The ad shows a Hindu daughter-in-law in a Muslim household.

A screenshot from the ad shows a woman in a saree adorned with jewellery smiling and looking away from the cameraA screenshot from the video
news Controversy Monday, October 12, 2020 - 12:52

An advertisement by jewellery brand Tanishq triggered a row after right-wing groups claimed that it was promoting 'love jihad', a popular conspiracy theory propounded by Hindutva ideologues which suggests that Muslim men deliberately marry Hindu women in order to convert them to Islam. Ironically, the claim propagated by many on Twitter, including BJP members, was deflated by their own ruling government's submission from February this year which said that “no such case of ‘Love Jihad’ has been reported by any of the central agencies” and that it was not defined under India's current laws.

Titled 'A confluence', the ad was broadcast as part of Tanishq's 'Ekatvam' collection of jewellery being released ahead of Diwali. The ad shows a Muslim family busy in preparations for a Hindu ritual for their pregnant daughter-in-law. When the daughter-in-law points out to the mother-in-law that these rituals were not a tradition at their place, the latter replies that keeping a daughter happy was a tradition in all homes.

"She is married into a family that loves her like their own child. Only for her, they go out of their way to celebrate an occasion that they usually don’t. A beautiful confluence of two different religions, traditions, cultures," Tanishq said in its description of the video on YouTube.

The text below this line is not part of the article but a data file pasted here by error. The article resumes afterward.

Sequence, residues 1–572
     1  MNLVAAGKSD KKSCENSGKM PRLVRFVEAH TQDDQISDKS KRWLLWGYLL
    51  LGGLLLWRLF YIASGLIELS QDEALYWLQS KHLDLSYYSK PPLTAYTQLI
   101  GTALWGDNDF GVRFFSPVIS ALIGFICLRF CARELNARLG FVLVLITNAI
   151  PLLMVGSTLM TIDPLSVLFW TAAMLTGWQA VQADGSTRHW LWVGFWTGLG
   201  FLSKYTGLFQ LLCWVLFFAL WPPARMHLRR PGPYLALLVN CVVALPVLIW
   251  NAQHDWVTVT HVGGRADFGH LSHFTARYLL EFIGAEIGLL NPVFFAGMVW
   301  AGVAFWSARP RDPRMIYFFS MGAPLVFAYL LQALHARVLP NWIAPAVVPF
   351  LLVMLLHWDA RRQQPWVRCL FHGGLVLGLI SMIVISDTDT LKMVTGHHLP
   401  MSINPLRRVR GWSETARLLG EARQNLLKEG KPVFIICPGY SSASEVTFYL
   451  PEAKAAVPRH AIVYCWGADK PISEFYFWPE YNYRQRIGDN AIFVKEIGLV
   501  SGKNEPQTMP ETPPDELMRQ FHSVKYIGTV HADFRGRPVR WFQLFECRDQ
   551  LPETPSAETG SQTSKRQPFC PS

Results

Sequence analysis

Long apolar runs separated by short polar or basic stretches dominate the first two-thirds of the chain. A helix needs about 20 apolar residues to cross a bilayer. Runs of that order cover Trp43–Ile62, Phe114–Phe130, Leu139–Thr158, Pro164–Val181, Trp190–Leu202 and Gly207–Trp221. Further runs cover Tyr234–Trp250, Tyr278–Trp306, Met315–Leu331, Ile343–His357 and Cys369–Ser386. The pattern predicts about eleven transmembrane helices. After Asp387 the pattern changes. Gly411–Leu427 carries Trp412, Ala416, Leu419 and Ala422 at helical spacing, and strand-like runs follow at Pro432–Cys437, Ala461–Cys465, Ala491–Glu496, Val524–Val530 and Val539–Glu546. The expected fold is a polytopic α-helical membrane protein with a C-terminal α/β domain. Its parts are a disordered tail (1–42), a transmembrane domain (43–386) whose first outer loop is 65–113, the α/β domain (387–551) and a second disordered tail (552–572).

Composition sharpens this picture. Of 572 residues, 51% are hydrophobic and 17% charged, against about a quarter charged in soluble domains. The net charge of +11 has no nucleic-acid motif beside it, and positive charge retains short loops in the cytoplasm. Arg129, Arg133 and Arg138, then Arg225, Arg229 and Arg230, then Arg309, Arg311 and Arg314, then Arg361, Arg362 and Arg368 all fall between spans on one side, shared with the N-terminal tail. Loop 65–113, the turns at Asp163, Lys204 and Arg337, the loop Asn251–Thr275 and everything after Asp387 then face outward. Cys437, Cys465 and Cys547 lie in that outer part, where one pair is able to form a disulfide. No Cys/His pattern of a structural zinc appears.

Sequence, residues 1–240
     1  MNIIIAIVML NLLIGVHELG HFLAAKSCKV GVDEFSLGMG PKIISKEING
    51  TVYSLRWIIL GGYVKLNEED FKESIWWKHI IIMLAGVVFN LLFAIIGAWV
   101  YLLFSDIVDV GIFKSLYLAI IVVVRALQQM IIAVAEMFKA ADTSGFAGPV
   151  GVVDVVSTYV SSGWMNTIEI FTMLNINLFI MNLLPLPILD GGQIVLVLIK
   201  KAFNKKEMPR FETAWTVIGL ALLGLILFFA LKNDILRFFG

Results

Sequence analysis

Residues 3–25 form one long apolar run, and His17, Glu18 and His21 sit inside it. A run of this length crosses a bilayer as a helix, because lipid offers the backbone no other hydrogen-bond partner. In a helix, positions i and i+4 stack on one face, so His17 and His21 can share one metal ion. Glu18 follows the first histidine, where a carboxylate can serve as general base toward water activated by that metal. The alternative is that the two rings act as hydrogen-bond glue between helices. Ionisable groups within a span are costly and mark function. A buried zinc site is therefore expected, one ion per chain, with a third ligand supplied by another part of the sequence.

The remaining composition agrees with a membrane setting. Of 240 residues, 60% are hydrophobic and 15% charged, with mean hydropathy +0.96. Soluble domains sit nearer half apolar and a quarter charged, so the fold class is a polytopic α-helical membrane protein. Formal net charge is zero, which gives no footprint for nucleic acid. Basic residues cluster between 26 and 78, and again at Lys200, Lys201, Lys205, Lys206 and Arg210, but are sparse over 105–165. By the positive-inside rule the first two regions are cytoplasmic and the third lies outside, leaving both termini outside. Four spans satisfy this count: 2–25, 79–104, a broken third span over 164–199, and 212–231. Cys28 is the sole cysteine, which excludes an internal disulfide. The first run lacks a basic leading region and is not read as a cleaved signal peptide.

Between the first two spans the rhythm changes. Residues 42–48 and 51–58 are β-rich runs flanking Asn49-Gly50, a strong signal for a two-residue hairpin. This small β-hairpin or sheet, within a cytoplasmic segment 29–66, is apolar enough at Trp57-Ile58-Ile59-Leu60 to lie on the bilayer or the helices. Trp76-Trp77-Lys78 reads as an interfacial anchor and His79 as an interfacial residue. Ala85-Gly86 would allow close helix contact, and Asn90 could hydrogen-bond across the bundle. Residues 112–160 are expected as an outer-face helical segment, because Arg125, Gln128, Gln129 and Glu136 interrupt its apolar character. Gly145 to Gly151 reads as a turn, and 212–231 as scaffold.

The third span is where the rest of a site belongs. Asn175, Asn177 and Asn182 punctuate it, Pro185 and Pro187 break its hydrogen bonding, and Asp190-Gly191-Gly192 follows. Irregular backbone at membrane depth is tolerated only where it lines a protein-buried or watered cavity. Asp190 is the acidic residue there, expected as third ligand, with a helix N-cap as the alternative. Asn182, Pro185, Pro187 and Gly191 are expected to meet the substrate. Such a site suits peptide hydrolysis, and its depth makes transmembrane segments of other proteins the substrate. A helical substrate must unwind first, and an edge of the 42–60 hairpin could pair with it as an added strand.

Watch the advertisement below.

However, a section of Twitter users took offence at the ad and tweeted with the hashtag #BoycottTanishq, which started trending in India. They claimed that the company was showing a Hindu daughter-in-law in a Muslim family and asked if they could turn the tables, and show a Muslim woman marrying into a Hindu family, without evoking outrage. 

Many users on Twitter, however, were quick to slam the communal narrative. 

Others dropped in on the trend, with some humour. 

Last year, an advertisement for detergent brand Surf Excel had sparked similar bigotry on social media with many tweeting with the hashtag #BoycottSurfExcel and claiming that the ad went against the Hindu religion.

The ad showed a young girl, dressed in white, cycling through a colony which was celebrating Holi and choosing to let her clothes get stained so that her Muslim friend, who is dressed in sparkly white, can go to the mosque to pray without being splashed with colours.

Watch the ad below. 

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